Fallacies: The Pathology of Bad Arguments

Someone claims that you have committed a ‘slippery-slope fallacy’. You think it is completely reasonable to say that if we allow X then Y will follow. So... are all slippery-slopes fallacies? This practical course has 3 main components: to learn how to: Identify the most common fallacies; Evaluate whether alleged fallacies are really fallacious; practise good argumentative skills so that you don’t have to memories 100 fallacy names. We will pay special consideration to whether some arguments are really fallacious, for example, the alleged ‘No True Scotsman Move’.


DELIVERY MODE

  • This class will be delivered online via the online platform Zoom.
  • This course requires students to have an email, a reliable internet connection, a microphone/speakers and access to a tablet, smartphone or computer.


SUGGESTED READING

  • Stuart Hanscomb, Critical Thinking: The Basics, Routledge, 2017
  • David Hackett Fischer, Historians' Fallacies: Towards a Logic of Historical Thought, Harper Perennial, 1970.
  • T. Edward Damer, Attacking Faulty Reasoning: A Practical Guide to Fallacy-Free Arguments, Wadsworth, 6th Edition, 2009.
  • Antony Flew, Thinking About Thinking: Or, Do I Sincerely Want to Be Right?, Fontana Press, 1975
  • Michael Withey, Mastering Logical Fallacies, Zephyros Press, 2016
  • Nathaniel Bluedorn and Hans Bluedorn, The Fallacy Detective, Workbook Print Edition, 2015
  • Ali Almossawi, An Illustrated Book of Bad Arguments
  • Fabio Paglieri, Don’t Worry. Be Gappy! On the Unproblematic Gappiness of Alleged Fallacies, Informal Logic journal

Further resources will be posted on my website: http://inception.guru


COURSE OUTLINE

  • Argumentology: Good arguments and bad arguments. The properties of a good argument.
  • Fallacies: Definitions and traits – violating one or more properties of a good argument.
  • Ways to classify fallacies: Formal versus informal; false appeals & fallacies of relevance; fallacies of language; fallacies of causation; epistemic fallacies. The most important fallacies to learn.
  • Theory: Health Skepticism about Fallacies on the Internet; Contextualism versus Invariantism about fallacies; “Gappy Fallacies” and the Fallacy-Fork Argument.
  • Formal Fallacies: Affirming the Consequent, Denying the Antecedent, Undistributed Middle Term, the Quantifier Shift Fallacy.
  • Practise: Methods for exposing fallacies – The Self-Destruct Method, Reductio Arguing by Logical Analogy.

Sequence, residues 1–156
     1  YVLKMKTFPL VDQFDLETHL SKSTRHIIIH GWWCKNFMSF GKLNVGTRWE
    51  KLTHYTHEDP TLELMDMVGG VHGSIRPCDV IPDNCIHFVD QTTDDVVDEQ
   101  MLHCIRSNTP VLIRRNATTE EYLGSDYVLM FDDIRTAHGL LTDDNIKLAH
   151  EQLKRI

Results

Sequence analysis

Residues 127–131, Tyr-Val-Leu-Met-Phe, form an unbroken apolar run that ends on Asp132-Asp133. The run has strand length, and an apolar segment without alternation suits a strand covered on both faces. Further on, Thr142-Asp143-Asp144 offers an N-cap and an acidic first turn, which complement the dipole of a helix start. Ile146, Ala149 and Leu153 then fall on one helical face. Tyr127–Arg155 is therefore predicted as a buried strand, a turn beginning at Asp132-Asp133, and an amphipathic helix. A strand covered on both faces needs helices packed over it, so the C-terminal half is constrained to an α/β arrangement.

• Theory: Informal Fallacies, False Appeals and Arguments Ad – Violating the Relevance Condition.
  • Practise: A list of the most popular ‘Appeal To’ fallacies.
  • Theory: Mind Your Language – fallacies borne from language: Ambiguity and Amphiboly; vagueness; Equivocation; Definitional fallacies, Persuasive Definitions and appeals to etymology.
  • Practise: Identifying flaws in language.
  • Fallacies about Causation: Post hoc propter hoc, mistaking correlation for cause, the Texas Sharp-Shooter.
  • Epistemic fallacies and assumptions: the burden of proof; Argumentum Ad Ignorantium – the Appeal to Ignorance, evidence and the lack of it; Intentional contexts of believing and knowing.
  • The alleged ‘No True Scotsman’ Fallacy: Origin, history and theory from the author Antony Flew - falsificationism and evasion.
  • The irony of Popularity and the Bandwagon Effect: So Many No-True-Scotsmans Around.
  • Really, truly, and genuinely: talking about True Xs versus X is True - attribute versus predicative adjectives; essentialism, non-essentialism and Social Kinds.
  • Discussion and Workshop: Is Flew’s No True Scotsman Fallacy Truly Fallacious?



PLANNED LEARNING OUTCOMES
By the end of this course, students should be able to:

  1. Understand the differences between good arguments and fallacious arguments.
  2. Identify the most common fallacies in popular and specialized discourse.
  3. Analyse and evaluate alleged fallacious arguments.
  4. Apply the techniques of identifying fallacies and bad arguments in different contexts.
$192 Limited / $173

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07 May

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